Revolver has teamed with Nuclear Assault for an exclusive "Combat Camo" vinyl edition of their classic album, Game Over, limited to 200 copies worldwide. Order yours before they're gone!
While Eighties thrash has become synonymous with the Bay Area scene and West Coast luminaries including Metallica, Megadeth, Slayer, Exodus, Testament and more, the East Coast was definitely holding it down thanks to local crews like Anthrax, Overkill, S.O.D. and Carnivore.
Nuclear Assault were also among Big Apple's finest thrashers, and their 1986 debut, Game Over, is one of the scene's most enduring records. Released on Combat Records, the album is a mix of headbanging, hardcore-influenced rippers on which the band — led by ex-Anthrax members John Connelly (vocals) and Dan Lilker (bass) along with Anthony Bramante (guitars) and Glenn Evans (drums) — explore a range of era-appropriate themes, from devil worship ("Sin") and nuclear annihilation ("Radiation Sickness," "After the Holocaust") to hilarious, punky irreverence ("Hang the Pope").
For Municipal Waste drummer, and New Jersey native, Dave Witte, the album was a revelation. The young musician discovered the band in a truly old-school, brick-and-mortar way — the striking cover art (courtesy of Ed Repka) caught his attention while he and his buddies were flipping through vinyl at a record store.
Below, Witte describes hearing Game Over for the first time, its impact on his own drumming style and why the record "stands the test of time."
DESCRIBE HOW YOU FIRST DISCOVERED NUCLEAR ASSAULT.
DAVE WITTE My friends and I were looking through the vinyl bin at Now & Then Records in Hazlet, New Jersey, and we came across Game Over. We were like "Whoa! Look at that cover! Someone has to get it." Back then we took turns buying things we didn't know about based on the cover and Now & Then was a goldmine for us. I bought the cassette version.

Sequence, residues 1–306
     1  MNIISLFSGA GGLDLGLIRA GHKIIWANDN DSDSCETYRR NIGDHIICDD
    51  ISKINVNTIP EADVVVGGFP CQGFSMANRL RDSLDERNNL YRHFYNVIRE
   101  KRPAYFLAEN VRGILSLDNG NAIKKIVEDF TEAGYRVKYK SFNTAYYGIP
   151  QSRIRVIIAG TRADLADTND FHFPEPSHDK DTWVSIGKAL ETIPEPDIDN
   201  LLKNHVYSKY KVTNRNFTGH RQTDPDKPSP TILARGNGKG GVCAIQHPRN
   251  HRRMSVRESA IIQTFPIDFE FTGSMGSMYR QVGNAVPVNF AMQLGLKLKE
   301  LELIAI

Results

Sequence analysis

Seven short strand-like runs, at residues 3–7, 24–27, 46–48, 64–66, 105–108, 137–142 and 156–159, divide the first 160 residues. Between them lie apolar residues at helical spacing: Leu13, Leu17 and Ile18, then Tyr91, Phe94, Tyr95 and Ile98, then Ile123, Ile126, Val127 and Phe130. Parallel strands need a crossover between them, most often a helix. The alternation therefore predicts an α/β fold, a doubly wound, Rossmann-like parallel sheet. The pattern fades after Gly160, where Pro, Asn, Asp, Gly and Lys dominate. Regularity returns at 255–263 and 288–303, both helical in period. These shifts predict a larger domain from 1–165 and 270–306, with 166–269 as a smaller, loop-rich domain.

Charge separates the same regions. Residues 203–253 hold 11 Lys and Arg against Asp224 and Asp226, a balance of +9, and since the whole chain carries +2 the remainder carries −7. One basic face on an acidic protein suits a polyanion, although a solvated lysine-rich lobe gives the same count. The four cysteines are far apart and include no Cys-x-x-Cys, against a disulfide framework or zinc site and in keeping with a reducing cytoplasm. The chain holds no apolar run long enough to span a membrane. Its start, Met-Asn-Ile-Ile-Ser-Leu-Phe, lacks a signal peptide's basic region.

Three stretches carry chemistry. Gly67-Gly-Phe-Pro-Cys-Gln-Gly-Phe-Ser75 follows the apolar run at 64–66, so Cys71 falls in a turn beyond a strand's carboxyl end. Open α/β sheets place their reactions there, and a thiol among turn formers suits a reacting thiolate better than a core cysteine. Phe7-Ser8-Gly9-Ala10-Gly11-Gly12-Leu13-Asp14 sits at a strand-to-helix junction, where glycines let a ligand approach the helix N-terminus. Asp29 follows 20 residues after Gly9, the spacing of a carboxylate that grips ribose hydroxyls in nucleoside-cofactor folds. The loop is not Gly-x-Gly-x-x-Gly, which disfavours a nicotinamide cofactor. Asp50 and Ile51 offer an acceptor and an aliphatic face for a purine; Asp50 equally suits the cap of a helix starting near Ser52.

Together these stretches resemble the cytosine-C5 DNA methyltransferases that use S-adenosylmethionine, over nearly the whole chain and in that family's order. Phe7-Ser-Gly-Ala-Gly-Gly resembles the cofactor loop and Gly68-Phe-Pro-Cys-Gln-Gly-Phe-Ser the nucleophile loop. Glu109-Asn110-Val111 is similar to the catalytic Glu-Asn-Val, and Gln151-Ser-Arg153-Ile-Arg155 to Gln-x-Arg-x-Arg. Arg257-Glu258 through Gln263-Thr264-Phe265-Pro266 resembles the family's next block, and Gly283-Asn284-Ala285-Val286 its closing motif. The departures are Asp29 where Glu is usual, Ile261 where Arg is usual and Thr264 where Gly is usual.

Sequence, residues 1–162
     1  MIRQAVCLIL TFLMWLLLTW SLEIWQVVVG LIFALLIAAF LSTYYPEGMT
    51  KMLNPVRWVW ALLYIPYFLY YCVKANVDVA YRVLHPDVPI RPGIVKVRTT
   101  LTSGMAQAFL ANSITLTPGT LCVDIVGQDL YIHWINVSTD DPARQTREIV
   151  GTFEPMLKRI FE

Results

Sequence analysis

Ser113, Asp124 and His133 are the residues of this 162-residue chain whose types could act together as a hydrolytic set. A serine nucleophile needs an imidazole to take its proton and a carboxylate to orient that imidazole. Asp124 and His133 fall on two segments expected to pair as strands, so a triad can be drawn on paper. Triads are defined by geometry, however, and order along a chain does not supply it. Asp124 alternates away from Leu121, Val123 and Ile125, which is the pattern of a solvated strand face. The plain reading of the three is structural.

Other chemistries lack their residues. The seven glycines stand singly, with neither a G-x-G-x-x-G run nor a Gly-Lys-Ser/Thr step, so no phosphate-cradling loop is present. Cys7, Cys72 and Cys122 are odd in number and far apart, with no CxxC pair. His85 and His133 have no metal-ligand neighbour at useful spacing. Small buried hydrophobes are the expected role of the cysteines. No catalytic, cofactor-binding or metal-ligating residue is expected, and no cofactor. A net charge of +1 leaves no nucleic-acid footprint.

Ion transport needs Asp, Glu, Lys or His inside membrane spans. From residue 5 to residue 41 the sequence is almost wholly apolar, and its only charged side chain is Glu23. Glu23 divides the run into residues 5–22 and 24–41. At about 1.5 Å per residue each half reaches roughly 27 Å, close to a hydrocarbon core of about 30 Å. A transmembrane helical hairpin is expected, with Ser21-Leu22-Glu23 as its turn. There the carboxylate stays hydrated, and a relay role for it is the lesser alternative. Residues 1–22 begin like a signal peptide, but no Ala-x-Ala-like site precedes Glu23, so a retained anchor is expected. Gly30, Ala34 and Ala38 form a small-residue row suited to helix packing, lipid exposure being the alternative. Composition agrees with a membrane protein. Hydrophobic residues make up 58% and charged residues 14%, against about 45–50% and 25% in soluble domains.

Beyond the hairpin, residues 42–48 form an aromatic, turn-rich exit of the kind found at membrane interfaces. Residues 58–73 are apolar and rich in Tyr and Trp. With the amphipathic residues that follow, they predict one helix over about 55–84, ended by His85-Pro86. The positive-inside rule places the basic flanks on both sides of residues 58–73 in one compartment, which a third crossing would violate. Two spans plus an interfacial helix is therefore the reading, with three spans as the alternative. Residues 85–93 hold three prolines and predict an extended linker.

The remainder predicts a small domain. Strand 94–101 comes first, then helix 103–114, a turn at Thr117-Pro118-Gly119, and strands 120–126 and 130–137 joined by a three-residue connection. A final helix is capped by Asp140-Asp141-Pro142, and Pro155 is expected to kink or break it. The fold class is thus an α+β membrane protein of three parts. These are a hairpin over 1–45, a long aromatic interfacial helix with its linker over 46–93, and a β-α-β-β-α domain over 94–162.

WHAT WAS YOUR FIRST IMPRESSION OF GAME OVER WHEN YOU EVENTUALLY LISTENED TO IT?
We left the record store and popped it into the cassette player and were psyched on the fast intro "Live, Suffer, Die." I remember the guitar was a little less distorted [and] metally sounding, and that was different for us. Then "Sin" rolled around and we heard John [Connelly's] voice for the first time. It was like nothing we had heard back then. We were intrigued that we had found something that didn't really sound like anything else. We kept listening and were into it. "Radiation Sickness" came on and that was the moment that we were waiting for: Fuck yeah, this rules.
WHAT DOES GAME OVER MEAN TO YOU?
It stands out and definitely grooves in its own way. Glenn Evans' drumming has a lot to do with that. It also had more hardcore-punkish elements than a lot of the other stuff I was hearing at that time. Game Over was a first of its own kind for me and like I mentioned earlier, we found it on our own. It was our discovery and we were psyched about it.
HOW, IF AT ALL, DID NUCLEAR ASSAULT OR THE ALBUM INFLUENCE YOUR CREATIVE DEVELOPMENT?
Glenn's drumming is, and was, so awesome and grooves like no one else's. He had the power, the speed and his groove had a swing to it like no other. He really worked those snare rolls and that was influence on me, for sure. They also had a sense of humor and I really enjoyed that. Actually, Nuclear Assault was the first band I ever stage-dived to in 1988 at The Club Bene in New Jersey. So they will always hold a special place in my heart. I'll never forget the night. I saw people doing it and had never seen anything like that. I had to do it. I can't count how many times I did it at the show. I did it over and over. It was the best time.
WHAT'S YOUR FAVORITE SONG ON GAME OVER?
"Radiation Sickness" ruled so hard the first time I heard it and it's still my favorite. I love the whole album, all the songs and all the dynamics in general are awesome, but "Radiation Sickness" spoke to me and my friends. Love it.
IS GAME OVER SOMETHING YOU REGULARLY GO BACK AND LISTEN TO? OR DOES IT REPRESENT A CERTAIN PERIOD OF TIME IN YOUR HISTORY?
Yes, I still go back to it and it's awesome every time. It stands the test of time for me. It's definitely a treasured time for me when I was discovering and learning.